For anyone who knows Hebrew, reading the Bible must have an element of fun, something like solving a puzzle. For the names all mean something, and the reader who can interpret them thus has a clue to the role this or that person plays in salvation history. I mention this fact, because today’s reading bristles with names: Elkanah, (son of Elihu, son of Tohu, son of Zuph) had two wives: Hannah and Peninnah. What do their names tell us about the books of Samuel that we shall be reading at daily Masa for the next while.
Let’s begin with Elkanah. Whenever you see the syllable “El” in a name, you know that it has to do with God, for “El” was one of the names of God in the Old Testament. And so “Elkanah” means “God provided.” (I don’t know any Hebrew; I had to look all these names in a dictionary of the Bible.) This name tells us, then, that God will provide for his people what they need; and it turns out, of course that what they need most is the prophet Samuel (The ancestors of Elkanah are Elihu [“his God”] Tohu [“lowly”] and Zuph [honeycomb(!)].)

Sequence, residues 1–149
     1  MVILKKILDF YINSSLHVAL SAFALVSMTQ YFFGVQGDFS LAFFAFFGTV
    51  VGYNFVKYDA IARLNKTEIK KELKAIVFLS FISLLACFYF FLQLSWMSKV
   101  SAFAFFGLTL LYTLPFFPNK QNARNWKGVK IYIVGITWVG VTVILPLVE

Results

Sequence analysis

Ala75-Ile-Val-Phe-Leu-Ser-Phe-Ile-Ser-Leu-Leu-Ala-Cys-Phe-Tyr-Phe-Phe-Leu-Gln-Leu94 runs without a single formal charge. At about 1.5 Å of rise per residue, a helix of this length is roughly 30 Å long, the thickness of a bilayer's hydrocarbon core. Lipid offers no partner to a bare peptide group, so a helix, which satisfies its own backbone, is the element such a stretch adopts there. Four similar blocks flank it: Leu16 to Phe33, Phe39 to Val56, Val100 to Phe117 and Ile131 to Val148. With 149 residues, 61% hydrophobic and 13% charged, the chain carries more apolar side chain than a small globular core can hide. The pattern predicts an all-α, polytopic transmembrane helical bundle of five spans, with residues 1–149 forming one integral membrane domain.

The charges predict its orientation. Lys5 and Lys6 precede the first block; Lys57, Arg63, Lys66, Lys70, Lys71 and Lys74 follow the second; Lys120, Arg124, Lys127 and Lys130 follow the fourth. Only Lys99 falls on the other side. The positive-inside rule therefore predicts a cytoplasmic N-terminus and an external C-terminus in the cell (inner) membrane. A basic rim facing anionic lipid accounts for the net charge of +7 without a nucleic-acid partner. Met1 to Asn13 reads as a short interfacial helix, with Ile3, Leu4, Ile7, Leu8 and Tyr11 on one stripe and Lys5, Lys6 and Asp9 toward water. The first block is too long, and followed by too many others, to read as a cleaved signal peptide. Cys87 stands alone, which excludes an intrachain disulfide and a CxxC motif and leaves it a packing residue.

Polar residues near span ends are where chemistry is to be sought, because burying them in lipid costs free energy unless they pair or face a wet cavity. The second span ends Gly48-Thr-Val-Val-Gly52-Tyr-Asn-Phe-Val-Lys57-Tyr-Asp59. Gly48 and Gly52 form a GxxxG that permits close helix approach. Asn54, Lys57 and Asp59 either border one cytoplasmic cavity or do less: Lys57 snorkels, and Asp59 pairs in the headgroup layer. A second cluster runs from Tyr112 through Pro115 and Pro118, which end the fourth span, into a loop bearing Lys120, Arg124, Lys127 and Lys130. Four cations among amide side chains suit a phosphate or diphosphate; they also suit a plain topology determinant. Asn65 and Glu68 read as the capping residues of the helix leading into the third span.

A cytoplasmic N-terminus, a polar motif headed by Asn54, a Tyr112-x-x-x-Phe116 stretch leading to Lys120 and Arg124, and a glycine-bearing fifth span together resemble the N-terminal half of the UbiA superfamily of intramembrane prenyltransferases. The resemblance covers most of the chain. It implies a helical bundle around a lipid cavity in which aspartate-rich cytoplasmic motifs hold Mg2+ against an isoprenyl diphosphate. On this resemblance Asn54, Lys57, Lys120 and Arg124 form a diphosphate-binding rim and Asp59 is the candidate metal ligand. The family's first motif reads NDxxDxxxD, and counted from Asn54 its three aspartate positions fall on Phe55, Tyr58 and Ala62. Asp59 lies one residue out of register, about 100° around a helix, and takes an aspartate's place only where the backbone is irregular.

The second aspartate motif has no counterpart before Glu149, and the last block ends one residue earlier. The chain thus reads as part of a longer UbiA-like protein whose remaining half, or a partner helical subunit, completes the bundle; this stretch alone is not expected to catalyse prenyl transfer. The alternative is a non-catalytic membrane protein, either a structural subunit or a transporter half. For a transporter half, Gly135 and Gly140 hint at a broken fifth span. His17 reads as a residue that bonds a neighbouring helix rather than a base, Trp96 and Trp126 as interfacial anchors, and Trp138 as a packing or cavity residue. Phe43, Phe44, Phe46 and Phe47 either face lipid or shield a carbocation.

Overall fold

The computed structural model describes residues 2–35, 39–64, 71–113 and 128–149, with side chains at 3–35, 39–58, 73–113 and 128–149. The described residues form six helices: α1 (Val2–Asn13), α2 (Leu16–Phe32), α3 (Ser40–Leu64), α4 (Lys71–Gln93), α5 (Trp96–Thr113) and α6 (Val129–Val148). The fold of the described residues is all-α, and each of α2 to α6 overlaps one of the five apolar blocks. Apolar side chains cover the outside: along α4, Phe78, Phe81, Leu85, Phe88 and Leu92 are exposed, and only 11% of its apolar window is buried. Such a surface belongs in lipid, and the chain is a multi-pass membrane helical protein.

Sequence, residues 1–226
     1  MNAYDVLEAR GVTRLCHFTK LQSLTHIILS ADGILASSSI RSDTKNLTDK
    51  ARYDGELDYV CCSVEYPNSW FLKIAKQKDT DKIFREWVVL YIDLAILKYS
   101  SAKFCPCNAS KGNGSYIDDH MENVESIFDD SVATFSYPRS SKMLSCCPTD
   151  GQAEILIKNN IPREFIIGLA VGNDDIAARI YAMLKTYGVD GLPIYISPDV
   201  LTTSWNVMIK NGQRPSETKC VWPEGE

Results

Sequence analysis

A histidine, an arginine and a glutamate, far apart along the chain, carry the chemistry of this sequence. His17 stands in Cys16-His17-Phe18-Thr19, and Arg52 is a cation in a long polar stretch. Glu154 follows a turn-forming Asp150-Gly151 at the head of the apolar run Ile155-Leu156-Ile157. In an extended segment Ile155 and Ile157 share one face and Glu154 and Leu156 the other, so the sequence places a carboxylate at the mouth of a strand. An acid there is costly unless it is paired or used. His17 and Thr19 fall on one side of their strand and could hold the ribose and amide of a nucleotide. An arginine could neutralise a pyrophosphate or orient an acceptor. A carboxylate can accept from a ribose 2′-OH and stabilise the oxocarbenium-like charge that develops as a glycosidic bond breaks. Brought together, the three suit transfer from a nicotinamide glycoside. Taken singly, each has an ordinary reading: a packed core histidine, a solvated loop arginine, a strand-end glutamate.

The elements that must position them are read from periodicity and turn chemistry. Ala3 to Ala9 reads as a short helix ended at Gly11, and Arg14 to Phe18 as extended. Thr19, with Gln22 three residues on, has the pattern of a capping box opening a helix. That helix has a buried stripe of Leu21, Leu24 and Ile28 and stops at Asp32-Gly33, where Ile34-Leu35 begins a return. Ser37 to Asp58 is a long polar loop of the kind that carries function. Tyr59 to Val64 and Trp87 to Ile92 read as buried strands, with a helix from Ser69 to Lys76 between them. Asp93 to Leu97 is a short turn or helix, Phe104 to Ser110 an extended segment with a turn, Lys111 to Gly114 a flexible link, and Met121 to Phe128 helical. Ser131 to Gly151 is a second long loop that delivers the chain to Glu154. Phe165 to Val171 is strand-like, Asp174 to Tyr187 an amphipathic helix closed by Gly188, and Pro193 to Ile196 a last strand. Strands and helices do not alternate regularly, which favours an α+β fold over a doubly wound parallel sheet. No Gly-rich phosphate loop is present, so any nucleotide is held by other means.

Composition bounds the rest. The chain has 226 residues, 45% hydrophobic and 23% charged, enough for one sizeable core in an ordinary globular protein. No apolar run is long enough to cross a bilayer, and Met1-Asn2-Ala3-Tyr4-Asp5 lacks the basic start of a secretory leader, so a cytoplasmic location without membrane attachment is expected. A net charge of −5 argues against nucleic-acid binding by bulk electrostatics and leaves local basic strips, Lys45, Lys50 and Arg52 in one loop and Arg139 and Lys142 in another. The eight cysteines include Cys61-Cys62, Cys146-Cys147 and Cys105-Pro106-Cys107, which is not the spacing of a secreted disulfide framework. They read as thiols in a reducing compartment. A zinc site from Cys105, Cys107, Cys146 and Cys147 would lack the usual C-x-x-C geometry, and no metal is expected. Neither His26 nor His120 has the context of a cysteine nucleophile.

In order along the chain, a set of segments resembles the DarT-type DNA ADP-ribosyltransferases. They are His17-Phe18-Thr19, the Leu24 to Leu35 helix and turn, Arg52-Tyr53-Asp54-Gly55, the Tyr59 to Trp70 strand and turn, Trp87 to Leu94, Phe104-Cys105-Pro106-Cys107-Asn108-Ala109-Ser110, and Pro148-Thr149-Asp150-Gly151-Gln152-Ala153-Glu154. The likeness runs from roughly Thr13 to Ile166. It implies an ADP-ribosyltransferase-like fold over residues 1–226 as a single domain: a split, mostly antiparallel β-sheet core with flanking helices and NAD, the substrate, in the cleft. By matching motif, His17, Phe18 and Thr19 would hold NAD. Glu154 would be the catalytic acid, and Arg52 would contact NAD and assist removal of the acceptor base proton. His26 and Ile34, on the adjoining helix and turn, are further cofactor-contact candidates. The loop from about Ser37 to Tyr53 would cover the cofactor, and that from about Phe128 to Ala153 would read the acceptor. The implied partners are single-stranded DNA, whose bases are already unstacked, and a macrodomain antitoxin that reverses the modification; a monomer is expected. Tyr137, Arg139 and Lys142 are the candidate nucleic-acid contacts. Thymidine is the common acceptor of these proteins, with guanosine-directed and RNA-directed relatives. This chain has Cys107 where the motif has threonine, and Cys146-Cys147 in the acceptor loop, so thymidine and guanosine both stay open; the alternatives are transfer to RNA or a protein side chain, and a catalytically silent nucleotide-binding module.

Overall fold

One could comment on these as well, but I want to move on to the great figure of Hannah, who was barren until the Lord intervened on her behalf, and she conceived Samuel. Her name means “grace,” whose primary connotation is “pleasing” as in “graceful.” She was pleasing to God because of her fidelity and generosity, as we shall see, and pleasing to man because of her obedient and loving relationship with God. And thus, the stage is set for the appearance of the mighty Samuel, who altered the course of Jewish history in recognizing and anointing David as king, and in doing so pointed forward to Christ, the new David.